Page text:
According to Victor Daniels, Emeritus Professor of Psychology at Sonoma State University, a unique aspect of the psychology of  Perls is that he had an unerring nose for (“garbage”), and according to Daniels, an ability to take what was correct and valuable in each of the perspectives from which he drew and let the rest fall by the wayside.  He didn't spent a lot of time refuting what he found useless, but simply ignored it....

Eastwood is known for this too, and has forcefully expressed his opinion on more than one occasion.  One example, Eastwood (while running for mayor of Carmel), told the campaign manager of a rival candidate to "shut your face."  Eastwood intervened, according to the Santa Cruz Sentinel, when the mayor's campaign manager interrupted Clyde Sturges, a Carmel Innkeeper, when he asked a question.

"Just shut you face, and let her talk," Eastwood told Robert Irvine, Mayor Charlotte Townsend's campaign manager.  "The least you can do is let your client talk."

Eastwood has used this phrase before, according to the Huffington Post, when Spike Lee complained about the racial make-up of Eastwood's films. And now, much like Perls himself (holding Court as the boldest students sat before him in the “hot seat”), Eastwood is calling President Obama to task for what he has been doing wrong in his Administration — and what he must do to correct it.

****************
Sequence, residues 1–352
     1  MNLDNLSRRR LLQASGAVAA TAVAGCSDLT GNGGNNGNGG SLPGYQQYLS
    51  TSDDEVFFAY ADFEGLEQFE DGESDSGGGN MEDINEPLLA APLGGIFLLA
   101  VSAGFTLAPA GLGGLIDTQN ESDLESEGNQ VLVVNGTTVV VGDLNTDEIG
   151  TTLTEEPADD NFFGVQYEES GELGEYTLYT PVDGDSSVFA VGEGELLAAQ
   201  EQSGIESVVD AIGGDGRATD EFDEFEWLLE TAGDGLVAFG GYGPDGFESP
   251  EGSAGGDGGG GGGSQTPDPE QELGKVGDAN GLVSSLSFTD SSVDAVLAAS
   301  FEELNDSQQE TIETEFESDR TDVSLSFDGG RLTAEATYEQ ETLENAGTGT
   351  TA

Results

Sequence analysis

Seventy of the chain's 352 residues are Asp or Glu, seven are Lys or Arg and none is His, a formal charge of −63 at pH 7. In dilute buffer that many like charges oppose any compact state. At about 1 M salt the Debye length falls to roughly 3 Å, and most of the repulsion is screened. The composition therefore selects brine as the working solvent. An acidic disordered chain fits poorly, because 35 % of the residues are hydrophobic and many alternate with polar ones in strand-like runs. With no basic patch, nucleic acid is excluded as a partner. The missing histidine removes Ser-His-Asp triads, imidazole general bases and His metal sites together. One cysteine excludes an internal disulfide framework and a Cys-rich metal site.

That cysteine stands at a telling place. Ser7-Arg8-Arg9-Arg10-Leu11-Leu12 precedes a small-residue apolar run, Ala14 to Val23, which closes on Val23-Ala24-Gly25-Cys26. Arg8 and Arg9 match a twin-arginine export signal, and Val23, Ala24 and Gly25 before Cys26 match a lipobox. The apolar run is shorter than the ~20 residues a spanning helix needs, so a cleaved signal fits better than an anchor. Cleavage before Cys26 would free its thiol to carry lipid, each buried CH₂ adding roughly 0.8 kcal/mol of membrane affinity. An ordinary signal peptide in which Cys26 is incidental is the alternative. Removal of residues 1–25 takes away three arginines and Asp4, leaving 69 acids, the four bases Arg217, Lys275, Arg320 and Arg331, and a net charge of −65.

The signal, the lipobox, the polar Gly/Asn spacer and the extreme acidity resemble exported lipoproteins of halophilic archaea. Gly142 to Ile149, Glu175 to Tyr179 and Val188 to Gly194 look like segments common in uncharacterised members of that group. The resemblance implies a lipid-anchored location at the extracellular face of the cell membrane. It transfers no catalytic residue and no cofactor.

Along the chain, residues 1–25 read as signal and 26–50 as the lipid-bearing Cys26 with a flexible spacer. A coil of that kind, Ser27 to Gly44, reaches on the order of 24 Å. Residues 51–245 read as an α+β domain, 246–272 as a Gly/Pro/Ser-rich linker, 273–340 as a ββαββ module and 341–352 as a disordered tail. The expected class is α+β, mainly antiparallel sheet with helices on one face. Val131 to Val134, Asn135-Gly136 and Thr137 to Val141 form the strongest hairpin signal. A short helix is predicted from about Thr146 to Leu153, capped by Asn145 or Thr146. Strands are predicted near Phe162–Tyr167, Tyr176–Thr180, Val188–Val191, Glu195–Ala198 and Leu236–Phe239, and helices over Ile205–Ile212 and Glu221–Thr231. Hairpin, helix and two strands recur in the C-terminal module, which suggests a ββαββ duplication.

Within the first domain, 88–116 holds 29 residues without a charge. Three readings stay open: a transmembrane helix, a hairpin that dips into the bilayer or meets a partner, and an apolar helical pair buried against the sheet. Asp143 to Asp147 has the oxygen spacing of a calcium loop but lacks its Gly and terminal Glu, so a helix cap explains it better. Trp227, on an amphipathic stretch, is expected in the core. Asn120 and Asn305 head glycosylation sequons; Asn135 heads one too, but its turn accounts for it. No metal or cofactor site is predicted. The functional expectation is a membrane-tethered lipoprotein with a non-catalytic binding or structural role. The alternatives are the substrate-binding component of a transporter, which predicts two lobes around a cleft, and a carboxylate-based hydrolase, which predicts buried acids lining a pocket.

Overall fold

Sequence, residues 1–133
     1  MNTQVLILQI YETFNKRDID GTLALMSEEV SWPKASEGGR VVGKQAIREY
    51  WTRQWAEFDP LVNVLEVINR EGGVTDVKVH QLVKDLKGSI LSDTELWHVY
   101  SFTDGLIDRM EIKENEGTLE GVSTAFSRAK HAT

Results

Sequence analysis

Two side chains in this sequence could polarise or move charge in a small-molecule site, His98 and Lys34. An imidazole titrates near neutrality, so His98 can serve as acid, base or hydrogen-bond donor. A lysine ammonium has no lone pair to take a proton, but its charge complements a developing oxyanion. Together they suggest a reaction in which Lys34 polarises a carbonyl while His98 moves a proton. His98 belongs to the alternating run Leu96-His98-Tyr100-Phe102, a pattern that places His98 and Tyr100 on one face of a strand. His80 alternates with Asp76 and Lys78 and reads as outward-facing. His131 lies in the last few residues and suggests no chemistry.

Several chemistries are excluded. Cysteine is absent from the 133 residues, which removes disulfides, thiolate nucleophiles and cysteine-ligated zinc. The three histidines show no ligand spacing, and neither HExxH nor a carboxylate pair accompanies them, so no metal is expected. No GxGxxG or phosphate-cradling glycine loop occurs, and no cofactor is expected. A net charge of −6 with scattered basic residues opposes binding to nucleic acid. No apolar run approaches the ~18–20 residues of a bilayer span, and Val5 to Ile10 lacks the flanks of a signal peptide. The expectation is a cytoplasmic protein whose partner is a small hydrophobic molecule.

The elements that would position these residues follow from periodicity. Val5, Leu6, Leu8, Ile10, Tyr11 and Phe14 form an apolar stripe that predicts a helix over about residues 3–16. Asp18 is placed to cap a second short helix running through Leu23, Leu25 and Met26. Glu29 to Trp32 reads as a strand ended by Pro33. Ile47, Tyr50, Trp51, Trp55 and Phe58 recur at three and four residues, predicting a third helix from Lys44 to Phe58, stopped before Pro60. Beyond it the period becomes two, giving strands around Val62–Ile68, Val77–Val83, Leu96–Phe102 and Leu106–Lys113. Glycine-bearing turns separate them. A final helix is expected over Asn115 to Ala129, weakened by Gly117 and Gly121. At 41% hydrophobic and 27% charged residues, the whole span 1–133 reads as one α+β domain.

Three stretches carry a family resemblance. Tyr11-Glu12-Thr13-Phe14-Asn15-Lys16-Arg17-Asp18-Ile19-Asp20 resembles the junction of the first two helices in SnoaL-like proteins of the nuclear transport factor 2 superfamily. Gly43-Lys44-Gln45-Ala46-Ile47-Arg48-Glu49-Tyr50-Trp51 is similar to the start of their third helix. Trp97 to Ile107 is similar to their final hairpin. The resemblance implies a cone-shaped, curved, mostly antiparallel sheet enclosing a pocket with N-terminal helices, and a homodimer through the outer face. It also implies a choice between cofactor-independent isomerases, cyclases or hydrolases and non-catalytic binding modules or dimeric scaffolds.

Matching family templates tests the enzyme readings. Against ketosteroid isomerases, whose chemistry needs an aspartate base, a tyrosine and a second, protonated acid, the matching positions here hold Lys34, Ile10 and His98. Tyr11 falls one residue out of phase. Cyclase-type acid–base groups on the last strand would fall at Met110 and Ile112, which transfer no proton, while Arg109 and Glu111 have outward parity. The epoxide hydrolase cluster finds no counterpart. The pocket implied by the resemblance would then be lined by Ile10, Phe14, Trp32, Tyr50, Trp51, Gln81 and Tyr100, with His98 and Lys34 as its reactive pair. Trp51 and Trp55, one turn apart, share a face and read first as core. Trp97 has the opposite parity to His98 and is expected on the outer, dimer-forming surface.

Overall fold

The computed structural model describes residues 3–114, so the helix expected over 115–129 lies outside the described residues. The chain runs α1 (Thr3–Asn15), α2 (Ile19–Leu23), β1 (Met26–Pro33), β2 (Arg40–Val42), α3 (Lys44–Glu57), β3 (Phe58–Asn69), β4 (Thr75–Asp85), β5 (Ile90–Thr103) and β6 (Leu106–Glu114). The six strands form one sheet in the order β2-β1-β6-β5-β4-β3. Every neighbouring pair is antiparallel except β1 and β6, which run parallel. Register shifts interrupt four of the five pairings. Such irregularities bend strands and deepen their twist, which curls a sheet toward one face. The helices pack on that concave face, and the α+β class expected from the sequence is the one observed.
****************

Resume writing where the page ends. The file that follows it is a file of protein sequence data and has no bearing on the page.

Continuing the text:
“What do you want me to do?” Eastwood said to the chair, “I can’t do that to myself….”

It’s perhaps silly to be focusing on Republican improvs (reportedly from a libertarians of few words), but it rang true.  If we worry about how the country looks (or how the country "sounds"), what are we saying about our heritage?  We listen, but far too many of us are in another world.  And just in case you forget how that translates..., well, "Just shut your face." 

Editor’s Note: Please visit The New York Times.  Not much was said about creative drama in the press.  Their spot-on reporting is invaluable. 

1,2 Way, B. (1967).  Development through dramaAtlantic Highlands, N.J. Humanities Press.